Taking a stroll down the two-block-long downtown area, Anderson was delighted to see that the common folks in Wadena had gotten the best of the atheists. FFRF had succeeded in removing the Nativity from public property, but they had not removed Nativities from the town. The townspeople put Nativity scenes in “nearly every shop window” and made their town into “a regular Christmas wonderland.” Christmas music played from two speakers on top the diner, and townspeople wished each other “Merry Christmas.” There is a gazebo in the town square, which is rented by individual families who then erect a different nativity scene each day.    
                Anderson captured the hope of the city with these words, “The Atheist Grinch tried to take Christ out of Christmas but the Whos down in Whoville would not have it. Christmas came, [and] it came bigger and better than before!”

                My thought is: “You can take the Nativity off city property, but you cannot take the Christmas spirit and the love of the Nativity out of the hearts of the people.” The residents of Wadena found a way to get around the demand of the atheist Grinch and kept the Spirit of Christ in their city.

                On December 12, 1976, Jeffrey R. Holland, then commissioner of Church education and now a member of the Quorum of Twelve Apostles, addressed the Religious Instruction faculty at Brigham Young University and spoke on the topic of “Maybe Christmas Doesn’t Come from a Store,” which was taken from Dr. Seuss’s How the Grinch Stole Christmas. This rather long excerpt from Elder Holland’s talk adds greater understanding for me of the Christmas story.

                “Part of the purpose for telling the story of Christmas is to remind us that Christmas doesn’t come from a store. Indeed, however delightful we feel about it, even as children, each year it `means a little bit more.’ And no matter how many times we read the biblical account of that evening in Bethlehem, we always come away with a thought – or two – we haven’t had before.
                “There are so many lessons to be learned from the sacred account of Christ’s birth that we always hesitate to emphasize one at the expense of all the others. Forgive me while I do just that in the time we have together here.                                 “One impression which has persisted with me recently is that this is a story – in profound paradox with our own times – that this is a story of intense poverty. I wonder if Luke did not have some special meaning when he wrote not `there was no room in the inn’ but specifically that `there was no room for them in the inn.’ (Luke 2:7; italics added.) We cannot be certain, but it is my guess that money could talk in those days as well as in our own. I think if Joseph and Mary had been people of influence or means, they would have found lodging even at that busy time of year.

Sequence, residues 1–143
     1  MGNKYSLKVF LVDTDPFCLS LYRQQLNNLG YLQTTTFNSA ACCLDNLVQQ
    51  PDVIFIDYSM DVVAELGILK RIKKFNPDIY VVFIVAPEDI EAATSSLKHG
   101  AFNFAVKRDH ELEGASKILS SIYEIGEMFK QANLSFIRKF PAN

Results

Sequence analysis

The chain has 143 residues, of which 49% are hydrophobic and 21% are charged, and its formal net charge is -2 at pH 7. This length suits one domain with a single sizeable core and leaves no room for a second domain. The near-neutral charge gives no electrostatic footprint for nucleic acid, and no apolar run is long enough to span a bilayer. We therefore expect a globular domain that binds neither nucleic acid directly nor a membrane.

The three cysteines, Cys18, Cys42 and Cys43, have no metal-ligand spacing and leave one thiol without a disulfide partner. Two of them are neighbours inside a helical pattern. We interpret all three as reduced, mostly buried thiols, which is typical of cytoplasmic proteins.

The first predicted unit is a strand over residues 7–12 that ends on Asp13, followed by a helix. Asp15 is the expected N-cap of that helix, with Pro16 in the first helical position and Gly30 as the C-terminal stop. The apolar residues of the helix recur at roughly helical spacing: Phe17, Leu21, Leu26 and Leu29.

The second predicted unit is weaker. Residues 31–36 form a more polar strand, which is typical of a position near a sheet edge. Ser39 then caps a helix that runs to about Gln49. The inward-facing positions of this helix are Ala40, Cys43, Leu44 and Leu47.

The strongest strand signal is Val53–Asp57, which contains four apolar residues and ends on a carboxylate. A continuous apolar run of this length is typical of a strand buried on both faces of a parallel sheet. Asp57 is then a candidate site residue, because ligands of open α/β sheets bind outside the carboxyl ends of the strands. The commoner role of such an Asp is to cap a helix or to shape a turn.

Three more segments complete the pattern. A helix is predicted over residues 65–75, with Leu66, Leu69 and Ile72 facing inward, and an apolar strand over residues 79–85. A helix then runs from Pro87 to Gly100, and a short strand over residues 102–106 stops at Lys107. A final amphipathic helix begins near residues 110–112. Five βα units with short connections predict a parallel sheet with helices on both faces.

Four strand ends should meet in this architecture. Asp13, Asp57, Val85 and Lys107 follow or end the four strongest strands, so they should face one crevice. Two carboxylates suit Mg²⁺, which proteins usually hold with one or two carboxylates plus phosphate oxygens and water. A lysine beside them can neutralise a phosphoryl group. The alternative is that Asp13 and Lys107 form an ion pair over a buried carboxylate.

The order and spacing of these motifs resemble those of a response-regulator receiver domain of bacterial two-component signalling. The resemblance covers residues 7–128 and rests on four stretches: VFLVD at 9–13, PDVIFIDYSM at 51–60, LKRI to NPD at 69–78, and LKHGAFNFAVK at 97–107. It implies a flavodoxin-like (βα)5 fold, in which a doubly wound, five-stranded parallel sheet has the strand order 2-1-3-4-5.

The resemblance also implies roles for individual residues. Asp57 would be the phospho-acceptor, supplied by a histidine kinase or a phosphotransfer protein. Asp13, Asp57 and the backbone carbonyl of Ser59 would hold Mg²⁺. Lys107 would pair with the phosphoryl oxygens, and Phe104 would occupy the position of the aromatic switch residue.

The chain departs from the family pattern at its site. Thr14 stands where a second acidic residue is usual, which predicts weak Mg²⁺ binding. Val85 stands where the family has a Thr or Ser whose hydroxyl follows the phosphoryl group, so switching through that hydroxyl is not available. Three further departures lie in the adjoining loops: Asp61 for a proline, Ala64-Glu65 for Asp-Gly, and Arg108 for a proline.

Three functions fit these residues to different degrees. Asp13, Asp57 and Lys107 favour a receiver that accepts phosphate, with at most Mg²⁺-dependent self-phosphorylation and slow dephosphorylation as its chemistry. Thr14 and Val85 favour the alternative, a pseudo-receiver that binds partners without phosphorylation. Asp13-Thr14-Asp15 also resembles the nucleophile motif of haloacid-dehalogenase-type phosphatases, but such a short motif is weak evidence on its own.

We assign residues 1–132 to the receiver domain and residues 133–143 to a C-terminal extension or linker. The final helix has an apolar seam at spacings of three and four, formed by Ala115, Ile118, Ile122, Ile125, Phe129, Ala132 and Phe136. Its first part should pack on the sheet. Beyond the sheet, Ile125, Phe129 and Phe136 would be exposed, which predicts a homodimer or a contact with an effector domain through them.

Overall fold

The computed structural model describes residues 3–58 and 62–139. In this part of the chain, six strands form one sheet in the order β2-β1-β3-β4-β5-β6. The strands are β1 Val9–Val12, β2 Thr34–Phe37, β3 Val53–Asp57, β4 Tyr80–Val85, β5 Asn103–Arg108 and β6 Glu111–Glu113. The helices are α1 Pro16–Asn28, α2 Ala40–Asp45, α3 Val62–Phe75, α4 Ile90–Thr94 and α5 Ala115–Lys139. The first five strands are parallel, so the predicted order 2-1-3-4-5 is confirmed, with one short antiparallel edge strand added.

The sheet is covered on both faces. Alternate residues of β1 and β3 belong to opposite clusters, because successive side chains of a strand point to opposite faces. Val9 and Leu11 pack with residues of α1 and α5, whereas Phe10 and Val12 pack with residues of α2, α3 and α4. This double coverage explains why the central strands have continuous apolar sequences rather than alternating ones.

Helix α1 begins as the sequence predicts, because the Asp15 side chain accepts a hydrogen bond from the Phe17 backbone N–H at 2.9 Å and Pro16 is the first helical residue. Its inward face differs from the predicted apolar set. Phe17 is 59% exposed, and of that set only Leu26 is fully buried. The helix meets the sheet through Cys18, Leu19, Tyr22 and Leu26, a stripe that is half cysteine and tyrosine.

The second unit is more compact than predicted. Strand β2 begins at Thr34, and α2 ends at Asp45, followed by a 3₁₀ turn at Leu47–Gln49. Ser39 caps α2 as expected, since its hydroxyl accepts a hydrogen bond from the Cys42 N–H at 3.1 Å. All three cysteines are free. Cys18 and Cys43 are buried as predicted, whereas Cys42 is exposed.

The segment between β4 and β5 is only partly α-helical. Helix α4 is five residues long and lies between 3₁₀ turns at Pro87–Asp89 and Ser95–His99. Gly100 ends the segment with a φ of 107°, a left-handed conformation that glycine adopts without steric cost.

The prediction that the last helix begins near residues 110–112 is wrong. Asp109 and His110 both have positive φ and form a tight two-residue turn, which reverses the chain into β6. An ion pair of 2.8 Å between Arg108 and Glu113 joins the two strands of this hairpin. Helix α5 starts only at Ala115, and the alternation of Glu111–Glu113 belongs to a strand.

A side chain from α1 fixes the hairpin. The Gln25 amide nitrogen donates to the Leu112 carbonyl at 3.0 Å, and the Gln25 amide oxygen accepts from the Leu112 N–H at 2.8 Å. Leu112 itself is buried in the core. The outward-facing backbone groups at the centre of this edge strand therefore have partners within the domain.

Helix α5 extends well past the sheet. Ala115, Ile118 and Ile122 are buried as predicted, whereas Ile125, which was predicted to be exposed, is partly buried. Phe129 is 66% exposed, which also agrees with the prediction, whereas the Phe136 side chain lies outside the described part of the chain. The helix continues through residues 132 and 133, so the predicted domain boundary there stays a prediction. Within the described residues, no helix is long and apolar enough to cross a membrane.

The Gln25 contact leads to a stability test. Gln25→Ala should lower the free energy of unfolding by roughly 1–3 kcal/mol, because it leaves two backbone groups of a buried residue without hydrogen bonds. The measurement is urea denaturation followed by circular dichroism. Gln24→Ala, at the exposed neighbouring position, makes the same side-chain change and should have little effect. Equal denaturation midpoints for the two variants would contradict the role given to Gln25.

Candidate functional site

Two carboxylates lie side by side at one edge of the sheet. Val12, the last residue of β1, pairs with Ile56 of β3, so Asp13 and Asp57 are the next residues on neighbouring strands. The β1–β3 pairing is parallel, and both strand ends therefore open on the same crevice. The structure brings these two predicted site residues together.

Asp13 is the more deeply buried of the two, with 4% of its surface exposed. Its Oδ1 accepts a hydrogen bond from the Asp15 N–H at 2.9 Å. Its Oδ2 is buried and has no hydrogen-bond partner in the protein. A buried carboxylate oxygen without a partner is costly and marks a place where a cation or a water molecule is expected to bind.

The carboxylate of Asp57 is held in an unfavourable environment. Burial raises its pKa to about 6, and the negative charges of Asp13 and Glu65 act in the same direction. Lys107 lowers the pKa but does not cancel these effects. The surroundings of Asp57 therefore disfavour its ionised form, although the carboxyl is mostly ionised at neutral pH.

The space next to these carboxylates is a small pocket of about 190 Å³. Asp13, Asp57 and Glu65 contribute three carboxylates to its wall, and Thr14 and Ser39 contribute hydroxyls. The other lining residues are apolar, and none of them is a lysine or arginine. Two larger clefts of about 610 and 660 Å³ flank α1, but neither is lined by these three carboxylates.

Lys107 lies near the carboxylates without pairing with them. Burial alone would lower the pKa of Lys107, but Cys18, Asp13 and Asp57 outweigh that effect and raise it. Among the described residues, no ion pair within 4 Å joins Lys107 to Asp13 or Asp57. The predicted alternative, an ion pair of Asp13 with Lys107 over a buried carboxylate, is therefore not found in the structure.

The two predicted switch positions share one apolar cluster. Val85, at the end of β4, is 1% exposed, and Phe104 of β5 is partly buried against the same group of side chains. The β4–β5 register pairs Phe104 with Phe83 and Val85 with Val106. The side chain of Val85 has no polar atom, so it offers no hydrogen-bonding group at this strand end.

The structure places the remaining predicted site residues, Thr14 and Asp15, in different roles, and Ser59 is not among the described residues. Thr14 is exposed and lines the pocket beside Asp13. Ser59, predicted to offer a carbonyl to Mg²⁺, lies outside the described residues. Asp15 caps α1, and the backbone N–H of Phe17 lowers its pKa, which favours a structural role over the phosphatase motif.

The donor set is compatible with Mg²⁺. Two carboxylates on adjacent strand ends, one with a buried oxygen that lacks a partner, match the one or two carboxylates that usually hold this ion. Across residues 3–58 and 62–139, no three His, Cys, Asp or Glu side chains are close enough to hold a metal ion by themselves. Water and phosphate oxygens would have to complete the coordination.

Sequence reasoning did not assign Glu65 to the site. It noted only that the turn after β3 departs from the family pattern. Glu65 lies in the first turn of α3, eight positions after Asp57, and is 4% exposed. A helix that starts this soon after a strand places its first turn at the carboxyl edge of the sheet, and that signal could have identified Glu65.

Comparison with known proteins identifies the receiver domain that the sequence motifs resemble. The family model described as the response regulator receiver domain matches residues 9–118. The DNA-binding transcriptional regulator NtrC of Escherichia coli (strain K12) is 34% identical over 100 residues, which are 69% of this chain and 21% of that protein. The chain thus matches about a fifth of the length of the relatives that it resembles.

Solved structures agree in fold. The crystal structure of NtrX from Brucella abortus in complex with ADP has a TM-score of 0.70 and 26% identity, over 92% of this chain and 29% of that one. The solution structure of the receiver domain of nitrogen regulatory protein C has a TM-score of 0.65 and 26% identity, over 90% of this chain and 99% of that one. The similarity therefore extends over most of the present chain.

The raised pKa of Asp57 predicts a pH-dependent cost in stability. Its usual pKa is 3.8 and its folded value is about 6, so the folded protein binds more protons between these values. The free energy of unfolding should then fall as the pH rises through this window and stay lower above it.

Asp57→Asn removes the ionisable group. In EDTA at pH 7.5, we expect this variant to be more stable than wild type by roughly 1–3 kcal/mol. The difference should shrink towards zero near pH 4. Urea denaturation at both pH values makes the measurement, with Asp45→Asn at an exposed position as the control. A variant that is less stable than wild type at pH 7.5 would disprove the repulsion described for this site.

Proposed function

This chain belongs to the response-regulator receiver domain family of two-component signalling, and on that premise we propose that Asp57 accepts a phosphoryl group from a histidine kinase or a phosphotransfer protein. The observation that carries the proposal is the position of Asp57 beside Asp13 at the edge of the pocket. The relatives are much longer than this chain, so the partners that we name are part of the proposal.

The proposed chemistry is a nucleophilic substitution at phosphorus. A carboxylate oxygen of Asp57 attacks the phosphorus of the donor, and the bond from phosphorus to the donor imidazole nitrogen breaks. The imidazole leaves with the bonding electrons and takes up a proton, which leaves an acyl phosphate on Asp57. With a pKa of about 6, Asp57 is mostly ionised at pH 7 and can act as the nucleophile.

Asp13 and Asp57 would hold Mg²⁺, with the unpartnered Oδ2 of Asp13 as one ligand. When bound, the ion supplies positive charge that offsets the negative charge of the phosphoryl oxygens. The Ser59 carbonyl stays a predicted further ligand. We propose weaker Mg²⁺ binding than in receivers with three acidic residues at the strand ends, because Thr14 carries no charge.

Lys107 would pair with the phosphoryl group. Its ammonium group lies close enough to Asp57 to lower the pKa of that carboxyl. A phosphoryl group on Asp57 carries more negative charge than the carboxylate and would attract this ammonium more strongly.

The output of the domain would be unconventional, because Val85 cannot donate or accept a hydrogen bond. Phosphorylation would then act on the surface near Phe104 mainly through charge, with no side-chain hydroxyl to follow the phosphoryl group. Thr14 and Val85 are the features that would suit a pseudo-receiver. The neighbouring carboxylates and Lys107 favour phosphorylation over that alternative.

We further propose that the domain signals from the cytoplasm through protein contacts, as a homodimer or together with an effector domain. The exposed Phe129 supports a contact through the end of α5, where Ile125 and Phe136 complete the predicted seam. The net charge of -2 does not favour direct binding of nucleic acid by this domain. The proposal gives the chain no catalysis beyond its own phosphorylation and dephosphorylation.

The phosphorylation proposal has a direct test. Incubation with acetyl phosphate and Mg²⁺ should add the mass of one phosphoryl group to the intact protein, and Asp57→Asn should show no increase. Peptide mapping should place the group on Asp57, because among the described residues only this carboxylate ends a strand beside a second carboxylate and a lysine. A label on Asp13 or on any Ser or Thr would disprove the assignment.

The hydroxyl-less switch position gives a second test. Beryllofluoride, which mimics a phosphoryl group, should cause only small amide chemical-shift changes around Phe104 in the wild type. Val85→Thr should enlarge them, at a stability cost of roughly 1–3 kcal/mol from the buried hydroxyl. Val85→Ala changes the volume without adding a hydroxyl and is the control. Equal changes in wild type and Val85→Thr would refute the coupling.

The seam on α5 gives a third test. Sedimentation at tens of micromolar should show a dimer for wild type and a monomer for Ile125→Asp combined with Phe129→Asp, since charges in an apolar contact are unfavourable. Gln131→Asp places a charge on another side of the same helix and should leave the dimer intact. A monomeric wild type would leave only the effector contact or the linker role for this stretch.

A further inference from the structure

“I have wondered if the Inspired Version also was suggesting they did not know the `right people’ in saying, `There was none to give room for them in the inns.’ (JST, Luke 2:7.)
                “We cannot be certain what the historian intended, but we do know these two were desperately poor. At the purification offering which the parents made after the child’s birth, a turtledove was substituted for the required lamb, a substitution the Lord had allowed in the Law of Moses to ease the burden of the truly impoverished. (See Lev. 12:8.)”

                As you study, teach, and enact the story of Christmas, let the Holy Spirit be your guide in order that you might learn and teach the parts of the story that are important to you and your family this year. As you do so, I know that you will strengthen your family as well as your community and nation.